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MemberCiaran McDonough

…2011-2017 – PhD (Irish Studies) – National University of Ireland, Galway

2008-2009 – MA (Irish Studies) – National University of Ireland, Galway

2001-2005 – BA (Hons) (German and English) – University of Wales, Bangor…

I recently completed a PhD, titled Investigating Irish Antiquarianism: a Comparative Study of Protestant and Catholic Antiquarian Cultures, 1830-1876 (National University of Ireland, Galway, 2017). The aim of this study is to investigate the differences in and similarities between Protestant and Catholic antiquarian cultures in Ireland in the period 1830 to 1876. The thesis demonstrates that there were notable differences, which were largely due to matters of religion. It focuses upon a select group of scholars (John O’Donovan, Eugene O’Curry, James Henthorn Todd, William Wilde, George Petrie, Denis Henry Kelly, William Reeves, John Windele, Owen Connellan, James Hardiman, and Robert Shipboy MacAdam) from both religious confessions, who were the most prolific antiquarians of this time, and it examines their works and the contexts in which they were written.  Using a new historicist methodology, this thesis highlights trends in antiquarian research, its dissemination, and modes of working and ascribes them to a particular religious community. This work is organised in three separate parts. In part one, a brief overview of the development of Irish antiquarianism from the early seventeenth to the late eighteenth century is presented in order to illustrate long-standing sectarian differences and their impact upon antiquarian pursuits in the nineteenth century. Previous scholarship has traditionally categorised the antiquarians studied in this thesis according to ethnicity (Gaelic Irish versus Anglo-Irish). Conversely, part two demonstrates that religion, and not ethnicity, was the greatest dividing social factor in Irish antiquarian circles in the first half of the nineteenth-century. Furthermore, it is demonstrated that emphasis on ethnicity and race only emerged after works had been published relating to that topic from the 1850s. Thus, part two is a comparative study between Protestant and Catholic antiquarian cultures in the nineteenth century, focusing particularly on the differences between the two in terms of subject matter and methodology employed. Part three traces the influence of antiquarian works on Cultural Nationalist ideology and thought at the end of the nineteenth century and in the first decades of the twentieth. In focusing specifically on the influence of antiquarian works on the images of ‘Irishness’ advanced by the Cultural Nationalists during this period, I determine that it was in fact Catholic antiquarian works that had a greater impact on the Cultural Nationalist discourse.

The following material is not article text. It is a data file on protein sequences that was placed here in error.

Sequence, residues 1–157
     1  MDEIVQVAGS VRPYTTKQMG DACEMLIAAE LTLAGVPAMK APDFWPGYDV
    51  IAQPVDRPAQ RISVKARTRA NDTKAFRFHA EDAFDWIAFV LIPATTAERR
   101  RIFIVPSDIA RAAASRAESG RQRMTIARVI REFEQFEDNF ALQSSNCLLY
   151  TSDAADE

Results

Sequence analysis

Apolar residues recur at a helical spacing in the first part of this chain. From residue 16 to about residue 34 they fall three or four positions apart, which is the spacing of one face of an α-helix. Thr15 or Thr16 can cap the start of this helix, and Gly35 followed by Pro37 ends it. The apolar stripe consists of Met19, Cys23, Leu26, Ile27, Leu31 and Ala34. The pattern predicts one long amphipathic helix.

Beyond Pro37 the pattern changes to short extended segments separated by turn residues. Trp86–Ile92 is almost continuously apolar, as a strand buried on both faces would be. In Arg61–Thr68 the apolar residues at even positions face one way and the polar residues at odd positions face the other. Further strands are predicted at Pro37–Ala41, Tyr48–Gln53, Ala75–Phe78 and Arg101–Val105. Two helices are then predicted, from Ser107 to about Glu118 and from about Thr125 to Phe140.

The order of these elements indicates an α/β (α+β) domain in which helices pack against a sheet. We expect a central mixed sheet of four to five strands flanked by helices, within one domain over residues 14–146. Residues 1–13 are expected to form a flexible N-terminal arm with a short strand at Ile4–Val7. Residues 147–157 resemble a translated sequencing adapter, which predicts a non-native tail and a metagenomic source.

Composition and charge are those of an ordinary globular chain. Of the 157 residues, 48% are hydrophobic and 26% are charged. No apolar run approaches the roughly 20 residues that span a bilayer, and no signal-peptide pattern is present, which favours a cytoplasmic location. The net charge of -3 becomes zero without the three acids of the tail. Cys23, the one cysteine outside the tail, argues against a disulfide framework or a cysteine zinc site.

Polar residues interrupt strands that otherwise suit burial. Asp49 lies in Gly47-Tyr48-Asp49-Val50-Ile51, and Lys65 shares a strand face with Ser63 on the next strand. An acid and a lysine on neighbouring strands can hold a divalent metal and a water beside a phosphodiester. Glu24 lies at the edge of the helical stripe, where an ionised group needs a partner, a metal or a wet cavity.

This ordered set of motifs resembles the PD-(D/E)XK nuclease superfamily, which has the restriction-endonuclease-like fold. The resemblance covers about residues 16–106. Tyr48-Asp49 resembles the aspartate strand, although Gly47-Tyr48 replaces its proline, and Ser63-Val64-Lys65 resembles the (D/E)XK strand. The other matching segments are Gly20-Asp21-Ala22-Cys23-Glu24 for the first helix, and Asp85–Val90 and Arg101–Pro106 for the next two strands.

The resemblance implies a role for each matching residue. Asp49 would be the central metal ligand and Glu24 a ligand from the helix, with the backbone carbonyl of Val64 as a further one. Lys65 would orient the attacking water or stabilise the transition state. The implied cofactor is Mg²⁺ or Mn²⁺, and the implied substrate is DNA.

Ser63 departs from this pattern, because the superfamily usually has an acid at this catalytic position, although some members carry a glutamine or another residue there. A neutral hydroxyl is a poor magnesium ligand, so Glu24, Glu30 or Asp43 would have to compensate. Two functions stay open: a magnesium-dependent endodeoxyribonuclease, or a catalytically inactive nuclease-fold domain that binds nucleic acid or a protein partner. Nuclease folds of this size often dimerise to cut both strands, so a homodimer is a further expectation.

MemberEmer McHugh

…National University of Ireland, Galway…

I am based at the O’Donoghue Centre for Drama, Theatre and Performance at NUI Galway, where I have recently submitted my doctoral dissertation for examination. My dissertation, ‘Shakespeare, Gender, and Contemporary Ireland: Performing and Recreating National Identities’ (fully funded by the Irish Research Council), looks at contemporary Shakespeare performance by Irish practitioners inside and outside of Ireland, exploring their engagement with gender, queerness, and feminisms, and exploring this in tandem with its contested relationship with issues of Irish national identity. Case studies include Druid Theatre’s Henriad adaptation DruidShakespeare (2015), Shakespeare’s Globe’s production of The Taming of the Shrew (2016), the Abbey Theatre’s production of Twelfh Night (2014), and the Almeida/Harold Pinter Theatre production of Hamlet (2017). My research interests include: early modern performance studies; Shakespeare and Ireland; theatre and celebrity culture; theatre history and historiography; audience and reception studies; contemporary Irish and British performance; and queer and feminist theory and performance. I am currently writing and developing articles and book chapters on the following: the Globe Shrew and commemorative culture; the terminology of early modern performance studies; Irish accents and Shakespeare performance; celebrity Hamlets and modes of masculinities. From 2015-2018, I served on the steering committee of the Society for Theatre Research’s New Researchers’ Network. I also co-hosted the podcast Feminist Theatre Squadron, and have contributed my work to Women Are BoringShakespeare in Ireland, and Reviewing Shakespeare. I also teach undergraduates at the O’Donoghue Centre, and have also taught in the Discipline of English at NUI Galway. I specialise in and have taught classes on theatre histories and historiographies; the history and practice of performing Shakespeare; film and Shakespeare; approaches to staging classical text; modern Irish theatre; and comedy in performance. (And, of course, I am always open to specialising in other areas too.)

MemberKathryn Laity

K. A. Laity is the award-winning author of How to Be Dull, White Rabbit, Dream Book, A Cut-Throat Business, Lush Situation, Owl Stretching, Unquiet Dreams, Chastity Flame, and Pelzmantel, as well as editor of Respectable Horror, Weird Noir, Noir Carnival and Drag Noir. She also writes historical fiction as Kit Marlowe and crime as Graham Wynd. Her bibliography is chock full of short stories, humor, plays and essays, both scholarly and popular. As a 2011-2012 Fulbright Fellow in Galway, Ireland she worked in digital humanities at NUIG. Dr. Laity teaches medieval literature, film, gender studies, digital humanities and popular culture at the College of Saint Rose, where she is also the director of the Digital Humanities Initiative. She divides her time between New York and Scotland.